FDA: Horse feed cubes recalled after nearly 100 reports of illness, death in several states
The FDA is cautioning horse owners against feeding their animals recalled alfalfa cubes because of their connection to recent reports of illness and death in several states.
Officials said Top of the Rockies brand alfalfa cubes were recently recalled after 98 horses in Louisiana, Texas, New Mexico and Colorado showed neurologic symptoms consistent with botulism.
At least 45 of the animals have since died or been euthanized due to declining health, according to the FDA.
The Louisiana Department of Agriculture and Forestry said alfalfa cubes with date codes 111222, 111322, 111422, 111522 and 111622 should not be given to horses. The cubes are sold in white and tan plastic 50-pound bags with green labeling, and date codes can be found on the front of the packaging.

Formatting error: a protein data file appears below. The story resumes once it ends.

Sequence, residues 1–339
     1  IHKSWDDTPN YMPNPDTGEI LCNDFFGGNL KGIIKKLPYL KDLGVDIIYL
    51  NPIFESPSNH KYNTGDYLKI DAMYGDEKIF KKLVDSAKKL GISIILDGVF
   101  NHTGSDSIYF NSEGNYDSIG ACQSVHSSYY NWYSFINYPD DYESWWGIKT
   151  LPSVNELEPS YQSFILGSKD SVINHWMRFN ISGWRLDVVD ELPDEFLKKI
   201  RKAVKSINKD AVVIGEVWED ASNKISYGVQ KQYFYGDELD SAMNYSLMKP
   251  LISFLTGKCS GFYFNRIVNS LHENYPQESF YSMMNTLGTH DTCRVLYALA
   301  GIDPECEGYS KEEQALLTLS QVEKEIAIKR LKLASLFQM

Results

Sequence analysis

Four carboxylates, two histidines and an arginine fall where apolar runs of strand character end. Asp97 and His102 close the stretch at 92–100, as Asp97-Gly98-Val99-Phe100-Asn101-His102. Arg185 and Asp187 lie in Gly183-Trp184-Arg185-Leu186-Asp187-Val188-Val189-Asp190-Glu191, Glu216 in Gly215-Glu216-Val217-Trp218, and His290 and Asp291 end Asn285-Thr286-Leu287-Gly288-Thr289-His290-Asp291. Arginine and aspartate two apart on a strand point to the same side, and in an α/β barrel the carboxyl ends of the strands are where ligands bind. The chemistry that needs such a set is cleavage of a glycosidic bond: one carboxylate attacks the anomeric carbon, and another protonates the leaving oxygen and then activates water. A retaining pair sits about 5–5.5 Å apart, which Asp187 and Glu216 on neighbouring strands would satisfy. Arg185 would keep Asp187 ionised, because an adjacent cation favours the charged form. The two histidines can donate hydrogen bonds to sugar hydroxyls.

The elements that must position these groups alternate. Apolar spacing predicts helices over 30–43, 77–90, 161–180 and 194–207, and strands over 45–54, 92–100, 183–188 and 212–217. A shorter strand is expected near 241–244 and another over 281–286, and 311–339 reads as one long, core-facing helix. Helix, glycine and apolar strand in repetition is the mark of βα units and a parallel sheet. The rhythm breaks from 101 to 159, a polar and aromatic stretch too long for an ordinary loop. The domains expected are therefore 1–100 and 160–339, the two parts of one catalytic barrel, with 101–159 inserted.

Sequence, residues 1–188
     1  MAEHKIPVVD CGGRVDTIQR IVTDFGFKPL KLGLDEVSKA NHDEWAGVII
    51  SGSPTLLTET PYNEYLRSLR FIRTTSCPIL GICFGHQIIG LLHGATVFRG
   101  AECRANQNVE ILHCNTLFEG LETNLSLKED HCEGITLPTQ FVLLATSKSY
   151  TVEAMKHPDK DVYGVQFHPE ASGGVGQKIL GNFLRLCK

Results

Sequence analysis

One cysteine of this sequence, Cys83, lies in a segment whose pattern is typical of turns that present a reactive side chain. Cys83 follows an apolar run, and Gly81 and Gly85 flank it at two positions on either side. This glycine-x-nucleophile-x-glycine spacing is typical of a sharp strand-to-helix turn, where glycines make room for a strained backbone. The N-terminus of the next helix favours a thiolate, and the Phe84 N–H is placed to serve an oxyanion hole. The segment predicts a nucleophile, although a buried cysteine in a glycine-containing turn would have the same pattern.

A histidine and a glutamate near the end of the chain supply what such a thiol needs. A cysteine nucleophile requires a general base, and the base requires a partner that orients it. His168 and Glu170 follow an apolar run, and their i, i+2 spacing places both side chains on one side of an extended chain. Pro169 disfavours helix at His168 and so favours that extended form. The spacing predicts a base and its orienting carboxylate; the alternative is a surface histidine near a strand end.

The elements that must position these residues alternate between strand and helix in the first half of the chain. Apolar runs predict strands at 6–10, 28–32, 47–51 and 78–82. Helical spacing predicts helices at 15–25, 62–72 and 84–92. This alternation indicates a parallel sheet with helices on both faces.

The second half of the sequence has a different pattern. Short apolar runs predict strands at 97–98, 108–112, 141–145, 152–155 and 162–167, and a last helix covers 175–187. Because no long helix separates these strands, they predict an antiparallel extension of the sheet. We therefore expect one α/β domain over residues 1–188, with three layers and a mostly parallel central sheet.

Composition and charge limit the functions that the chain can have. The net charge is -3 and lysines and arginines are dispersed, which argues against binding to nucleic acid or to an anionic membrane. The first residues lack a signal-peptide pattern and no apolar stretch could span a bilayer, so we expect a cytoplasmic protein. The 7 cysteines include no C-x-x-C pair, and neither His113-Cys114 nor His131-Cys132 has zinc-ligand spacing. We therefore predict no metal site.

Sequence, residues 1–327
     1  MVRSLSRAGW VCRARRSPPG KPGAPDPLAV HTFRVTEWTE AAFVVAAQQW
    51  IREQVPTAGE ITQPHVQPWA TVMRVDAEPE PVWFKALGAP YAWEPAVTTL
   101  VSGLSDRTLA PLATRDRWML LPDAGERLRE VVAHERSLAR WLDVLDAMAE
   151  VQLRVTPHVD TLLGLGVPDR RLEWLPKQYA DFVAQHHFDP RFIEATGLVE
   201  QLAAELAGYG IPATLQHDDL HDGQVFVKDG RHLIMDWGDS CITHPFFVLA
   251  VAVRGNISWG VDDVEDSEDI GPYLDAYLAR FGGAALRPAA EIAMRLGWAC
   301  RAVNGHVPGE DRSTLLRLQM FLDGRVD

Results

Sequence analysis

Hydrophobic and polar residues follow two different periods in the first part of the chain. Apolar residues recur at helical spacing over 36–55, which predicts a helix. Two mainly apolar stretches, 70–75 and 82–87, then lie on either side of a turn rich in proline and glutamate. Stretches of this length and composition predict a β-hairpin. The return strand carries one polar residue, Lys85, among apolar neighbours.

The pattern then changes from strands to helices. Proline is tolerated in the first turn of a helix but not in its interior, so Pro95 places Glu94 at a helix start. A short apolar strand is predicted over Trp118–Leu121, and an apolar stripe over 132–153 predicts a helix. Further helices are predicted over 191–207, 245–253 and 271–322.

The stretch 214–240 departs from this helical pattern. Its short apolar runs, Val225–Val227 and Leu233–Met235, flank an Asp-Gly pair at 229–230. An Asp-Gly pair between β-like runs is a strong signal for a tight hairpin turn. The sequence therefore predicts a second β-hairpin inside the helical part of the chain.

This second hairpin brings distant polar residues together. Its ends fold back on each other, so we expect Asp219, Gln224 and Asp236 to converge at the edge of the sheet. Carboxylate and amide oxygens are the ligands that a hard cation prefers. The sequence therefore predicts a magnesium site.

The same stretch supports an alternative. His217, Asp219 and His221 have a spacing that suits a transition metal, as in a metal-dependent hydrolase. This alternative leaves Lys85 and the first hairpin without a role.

If you have packages with one of the above date codes, or can't be sure of the date code of what you have, throw the product away in a secure container.
Owners and handlers are advised to contact a veterinarian immediately if your horse ate the product and is showing signs of neurologic illness, such as muscle tremors, difficulty eating or swallowing, difficulty standing or collapsing.
LSU Vet Med is working with the FDA and LDAF to investigate the problem and to treat some of these horses. The Louisiana Animal Disease Diagnostic Lab at the veterinary school has conducted necropsies on 12 of the affected animals.
While the FDA is still testing to pinpoint the cause of the illness, horse owners and handlers should take precautions to protect human and animal health in the meantime.
For more information on health and safety measures or how to report a horse illness, click here.
If you believe your horse has been affected, you can also contact the LSU Veterinary Teaching Hospital at (225) 578-9500.
Desktop NewsClick to open Continuous News in a sidebar that updates in real-time.
Tiger fans storm the court after upset win against No. 17 Kentucky
Ascension Parish student heading to national welding competition
Louisiana Senator Bill Cassidy says he is against sending national guard troops...
In response to deadly car jacking, Louisiana lawmaker proposes bill increasing penalties
Crews on Amite River clearing decades of debris